The proliferation of mp3s and YouTube videos with poorly produced audio demonstrates to me that for most of the public, accessibility and convenience is more important than especially high quality sound. Do you agree? To give another example, the sound quality of most mobile phone calls I make is much worse than an old-fashioned landline. I never get halfway through a landline call and have to ask for a mobile phone number to ring back on! (but the converse case happens frequently). Some new results from the Calls of the Wild experiment supports my assertion about sound quality.
Last year I got involved in the birdsong experiment for the British Science Association. Mostly, this was about comparing our responses to pleasant warbling and ugly squawking to support the research of Eleanor Ratcliffe. But at the same time there was an experiment running for the Salford’s Good Recording Project which we didn’t talk about at the time, because otherwise the results would have been ruined.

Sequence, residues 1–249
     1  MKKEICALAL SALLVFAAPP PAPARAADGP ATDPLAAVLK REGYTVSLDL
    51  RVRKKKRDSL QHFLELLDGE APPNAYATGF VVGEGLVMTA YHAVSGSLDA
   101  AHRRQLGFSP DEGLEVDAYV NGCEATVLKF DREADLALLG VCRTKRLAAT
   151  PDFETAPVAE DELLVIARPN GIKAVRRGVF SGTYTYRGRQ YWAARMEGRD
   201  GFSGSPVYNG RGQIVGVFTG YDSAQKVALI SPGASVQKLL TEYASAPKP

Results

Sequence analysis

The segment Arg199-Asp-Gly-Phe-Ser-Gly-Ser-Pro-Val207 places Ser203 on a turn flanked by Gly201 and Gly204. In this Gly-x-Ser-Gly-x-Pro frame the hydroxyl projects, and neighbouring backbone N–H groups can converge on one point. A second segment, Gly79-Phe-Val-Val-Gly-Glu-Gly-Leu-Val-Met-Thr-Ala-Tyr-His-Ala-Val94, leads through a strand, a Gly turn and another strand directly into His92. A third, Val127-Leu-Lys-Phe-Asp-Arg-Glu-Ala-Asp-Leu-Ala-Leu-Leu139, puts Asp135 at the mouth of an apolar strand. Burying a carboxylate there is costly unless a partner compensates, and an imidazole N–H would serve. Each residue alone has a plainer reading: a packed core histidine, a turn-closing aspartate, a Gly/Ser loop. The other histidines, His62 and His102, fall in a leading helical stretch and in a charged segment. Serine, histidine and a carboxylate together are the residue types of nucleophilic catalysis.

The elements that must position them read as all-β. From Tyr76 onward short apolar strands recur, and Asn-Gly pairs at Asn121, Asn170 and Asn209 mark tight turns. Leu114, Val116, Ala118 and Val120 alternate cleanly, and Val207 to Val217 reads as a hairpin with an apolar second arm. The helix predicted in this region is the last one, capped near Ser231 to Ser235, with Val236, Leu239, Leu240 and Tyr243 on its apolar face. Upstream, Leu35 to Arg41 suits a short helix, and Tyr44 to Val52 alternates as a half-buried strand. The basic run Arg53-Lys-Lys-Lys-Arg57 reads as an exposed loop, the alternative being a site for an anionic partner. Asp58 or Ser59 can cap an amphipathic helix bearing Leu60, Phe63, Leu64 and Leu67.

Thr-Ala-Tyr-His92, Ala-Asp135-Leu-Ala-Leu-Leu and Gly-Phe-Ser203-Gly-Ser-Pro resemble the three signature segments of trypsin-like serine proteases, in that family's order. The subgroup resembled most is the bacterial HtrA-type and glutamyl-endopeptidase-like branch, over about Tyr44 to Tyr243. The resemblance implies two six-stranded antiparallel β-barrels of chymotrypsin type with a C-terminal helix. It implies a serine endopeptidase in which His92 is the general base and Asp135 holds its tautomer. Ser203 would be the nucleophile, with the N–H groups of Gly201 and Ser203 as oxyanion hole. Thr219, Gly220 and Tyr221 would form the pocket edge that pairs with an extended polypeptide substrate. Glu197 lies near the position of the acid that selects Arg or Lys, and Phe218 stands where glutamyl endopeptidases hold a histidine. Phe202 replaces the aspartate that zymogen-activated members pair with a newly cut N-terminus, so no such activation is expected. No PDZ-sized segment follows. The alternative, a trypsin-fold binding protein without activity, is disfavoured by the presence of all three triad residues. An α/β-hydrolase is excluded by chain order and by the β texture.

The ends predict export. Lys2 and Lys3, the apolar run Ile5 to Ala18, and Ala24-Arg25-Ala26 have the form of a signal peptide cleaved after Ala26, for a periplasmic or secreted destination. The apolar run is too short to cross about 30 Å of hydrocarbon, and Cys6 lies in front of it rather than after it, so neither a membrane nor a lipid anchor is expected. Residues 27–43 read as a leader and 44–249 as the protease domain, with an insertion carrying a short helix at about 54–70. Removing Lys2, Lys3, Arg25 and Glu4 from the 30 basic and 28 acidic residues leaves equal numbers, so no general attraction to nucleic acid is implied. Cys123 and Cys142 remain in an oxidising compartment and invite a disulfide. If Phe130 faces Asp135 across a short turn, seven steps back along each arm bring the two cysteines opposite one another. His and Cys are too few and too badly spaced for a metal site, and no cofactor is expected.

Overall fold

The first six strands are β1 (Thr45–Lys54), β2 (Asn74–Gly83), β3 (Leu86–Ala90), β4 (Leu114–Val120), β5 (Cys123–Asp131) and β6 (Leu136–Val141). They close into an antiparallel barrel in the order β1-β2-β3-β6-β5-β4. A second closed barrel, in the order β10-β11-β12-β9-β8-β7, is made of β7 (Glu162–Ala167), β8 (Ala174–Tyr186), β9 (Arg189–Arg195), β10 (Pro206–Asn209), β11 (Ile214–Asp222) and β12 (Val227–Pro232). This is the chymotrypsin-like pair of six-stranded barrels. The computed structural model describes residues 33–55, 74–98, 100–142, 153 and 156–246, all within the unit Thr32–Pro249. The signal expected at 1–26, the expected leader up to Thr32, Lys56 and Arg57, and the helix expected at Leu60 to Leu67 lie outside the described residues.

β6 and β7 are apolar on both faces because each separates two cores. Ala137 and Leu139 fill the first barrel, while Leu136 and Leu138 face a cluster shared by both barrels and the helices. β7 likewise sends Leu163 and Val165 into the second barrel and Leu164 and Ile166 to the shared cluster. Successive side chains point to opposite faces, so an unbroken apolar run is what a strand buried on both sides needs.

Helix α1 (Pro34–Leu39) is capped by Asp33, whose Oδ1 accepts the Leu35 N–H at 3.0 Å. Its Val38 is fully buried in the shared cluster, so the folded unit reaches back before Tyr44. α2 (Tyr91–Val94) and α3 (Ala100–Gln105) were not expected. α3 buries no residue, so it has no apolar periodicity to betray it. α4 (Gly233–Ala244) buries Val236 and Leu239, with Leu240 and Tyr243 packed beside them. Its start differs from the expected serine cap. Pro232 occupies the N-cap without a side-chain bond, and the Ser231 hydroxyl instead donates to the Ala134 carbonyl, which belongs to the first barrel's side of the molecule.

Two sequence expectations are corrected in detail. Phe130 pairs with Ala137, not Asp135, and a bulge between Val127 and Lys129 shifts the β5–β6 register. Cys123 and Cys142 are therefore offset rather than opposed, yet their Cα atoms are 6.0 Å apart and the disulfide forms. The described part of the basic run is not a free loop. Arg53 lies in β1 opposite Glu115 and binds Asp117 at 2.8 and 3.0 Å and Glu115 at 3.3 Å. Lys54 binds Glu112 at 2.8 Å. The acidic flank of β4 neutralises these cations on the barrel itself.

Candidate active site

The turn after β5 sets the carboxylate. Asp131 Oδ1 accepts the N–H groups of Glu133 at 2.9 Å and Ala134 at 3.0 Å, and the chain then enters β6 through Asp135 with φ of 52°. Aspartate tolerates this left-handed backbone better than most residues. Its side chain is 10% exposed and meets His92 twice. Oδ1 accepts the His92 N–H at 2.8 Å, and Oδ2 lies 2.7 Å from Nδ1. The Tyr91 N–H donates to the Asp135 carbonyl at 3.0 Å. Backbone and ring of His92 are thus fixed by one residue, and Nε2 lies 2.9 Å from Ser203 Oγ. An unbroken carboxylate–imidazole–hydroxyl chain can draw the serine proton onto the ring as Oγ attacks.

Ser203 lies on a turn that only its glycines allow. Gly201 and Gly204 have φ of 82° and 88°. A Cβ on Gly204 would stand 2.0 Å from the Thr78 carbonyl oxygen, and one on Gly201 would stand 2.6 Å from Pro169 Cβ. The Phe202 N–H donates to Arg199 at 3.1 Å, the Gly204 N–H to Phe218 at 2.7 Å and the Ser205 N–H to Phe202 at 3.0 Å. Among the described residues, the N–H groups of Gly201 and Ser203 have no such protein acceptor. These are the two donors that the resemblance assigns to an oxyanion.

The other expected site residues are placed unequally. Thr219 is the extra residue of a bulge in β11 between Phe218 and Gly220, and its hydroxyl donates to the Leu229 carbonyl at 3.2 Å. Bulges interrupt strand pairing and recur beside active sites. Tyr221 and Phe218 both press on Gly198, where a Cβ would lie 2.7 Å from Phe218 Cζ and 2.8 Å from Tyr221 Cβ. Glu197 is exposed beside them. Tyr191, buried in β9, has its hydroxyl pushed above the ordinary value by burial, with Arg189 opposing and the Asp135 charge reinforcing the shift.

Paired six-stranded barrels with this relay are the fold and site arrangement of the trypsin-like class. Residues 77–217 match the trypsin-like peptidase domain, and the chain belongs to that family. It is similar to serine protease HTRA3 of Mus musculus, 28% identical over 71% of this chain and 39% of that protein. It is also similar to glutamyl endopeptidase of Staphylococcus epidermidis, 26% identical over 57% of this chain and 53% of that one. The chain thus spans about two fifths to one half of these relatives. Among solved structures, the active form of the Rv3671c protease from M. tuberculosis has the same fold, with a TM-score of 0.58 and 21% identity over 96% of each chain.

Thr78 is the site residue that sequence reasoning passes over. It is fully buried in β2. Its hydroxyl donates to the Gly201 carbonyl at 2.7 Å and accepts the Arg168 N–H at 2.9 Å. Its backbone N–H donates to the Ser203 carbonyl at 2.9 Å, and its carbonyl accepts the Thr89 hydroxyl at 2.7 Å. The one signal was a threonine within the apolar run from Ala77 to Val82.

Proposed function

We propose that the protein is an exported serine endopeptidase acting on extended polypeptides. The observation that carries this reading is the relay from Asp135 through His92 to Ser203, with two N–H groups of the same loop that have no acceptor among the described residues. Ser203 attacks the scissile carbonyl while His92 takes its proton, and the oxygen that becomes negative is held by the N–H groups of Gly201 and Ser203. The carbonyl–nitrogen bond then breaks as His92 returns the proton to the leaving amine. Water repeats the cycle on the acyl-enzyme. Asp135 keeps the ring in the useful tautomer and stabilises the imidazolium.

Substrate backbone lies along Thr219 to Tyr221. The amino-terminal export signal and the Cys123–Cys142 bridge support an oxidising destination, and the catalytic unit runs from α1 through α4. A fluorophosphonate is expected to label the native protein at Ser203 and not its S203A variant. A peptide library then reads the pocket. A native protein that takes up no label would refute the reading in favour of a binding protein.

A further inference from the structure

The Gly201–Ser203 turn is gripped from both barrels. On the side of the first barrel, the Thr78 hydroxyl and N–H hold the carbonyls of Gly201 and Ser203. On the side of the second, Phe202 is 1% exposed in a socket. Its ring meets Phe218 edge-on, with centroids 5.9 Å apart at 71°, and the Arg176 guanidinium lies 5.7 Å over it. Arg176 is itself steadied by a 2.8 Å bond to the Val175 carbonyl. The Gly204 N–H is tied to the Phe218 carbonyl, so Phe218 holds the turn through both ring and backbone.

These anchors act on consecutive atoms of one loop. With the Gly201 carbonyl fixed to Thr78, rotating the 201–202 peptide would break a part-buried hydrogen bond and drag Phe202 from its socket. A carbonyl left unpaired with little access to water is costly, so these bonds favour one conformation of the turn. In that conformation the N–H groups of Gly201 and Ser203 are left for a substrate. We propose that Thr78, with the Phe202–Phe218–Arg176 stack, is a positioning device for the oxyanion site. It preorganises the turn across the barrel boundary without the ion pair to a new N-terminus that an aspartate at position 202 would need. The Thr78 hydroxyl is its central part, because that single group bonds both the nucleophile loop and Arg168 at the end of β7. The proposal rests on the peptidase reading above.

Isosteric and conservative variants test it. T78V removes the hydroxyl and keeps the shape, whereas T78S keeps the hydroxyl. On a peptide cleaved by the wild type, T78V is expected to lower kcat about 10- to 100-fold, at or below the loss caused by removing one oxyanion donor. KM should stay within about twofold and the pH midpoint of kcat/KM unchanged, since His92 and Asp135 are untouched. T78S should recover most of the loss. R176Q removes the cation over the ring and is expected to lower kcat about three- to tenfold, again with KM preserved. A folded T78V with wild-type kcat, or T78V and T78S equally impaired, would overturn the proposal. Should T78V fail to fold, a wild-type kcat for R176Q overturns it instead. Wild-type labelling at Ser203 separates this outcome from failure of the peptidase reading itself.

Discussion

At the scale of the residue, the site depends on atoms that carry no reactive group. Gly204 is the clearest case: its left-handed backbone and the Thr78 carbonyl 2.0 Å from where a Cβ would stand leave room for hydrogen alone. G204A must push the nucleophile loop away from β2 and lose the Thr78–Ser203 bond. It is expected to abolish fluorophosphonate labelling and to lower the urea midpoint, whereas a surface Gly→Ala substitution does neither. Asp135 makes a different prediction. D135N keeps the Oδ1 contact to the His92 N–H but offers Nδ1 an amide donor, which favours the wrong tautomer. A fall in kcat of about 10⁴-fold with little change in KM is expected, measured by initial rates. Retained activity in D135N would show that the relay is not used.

We covertly added traffic and/or wind noise to some of the birdsong recordings to see how that might change people’s judgements. Here is some examples for a pleasant songbird:
With added noise:
People were asked questions about the birdsong (e.g. pleasantness), but none of these ratings were changed by the addition of noise. People focussed on the foreground sound and either didn’t notice the background noise or weren’t bothered about it.
We re-ran the experiment a few months later, but this time we added a question on the survey specifically asking about the quality of the recording. Once we drew people’s attention to audio quality, we observed a negative effect on bird song ratings for the highest level of wind noise (e.g. the noisiest example above).
Traditionally, audio quality research has focussed on listening for small degradations of signals using trained listeners. I think our results show that to the general public, sound quality is less important than audio engineers might hope. Am I wrong? please comment below.
We have another audio experiment running: Audio Battle. Please have a go, we need more subjects to complete the test. This time no tricks are being played, what it says in the instructions is exactly what is being tested.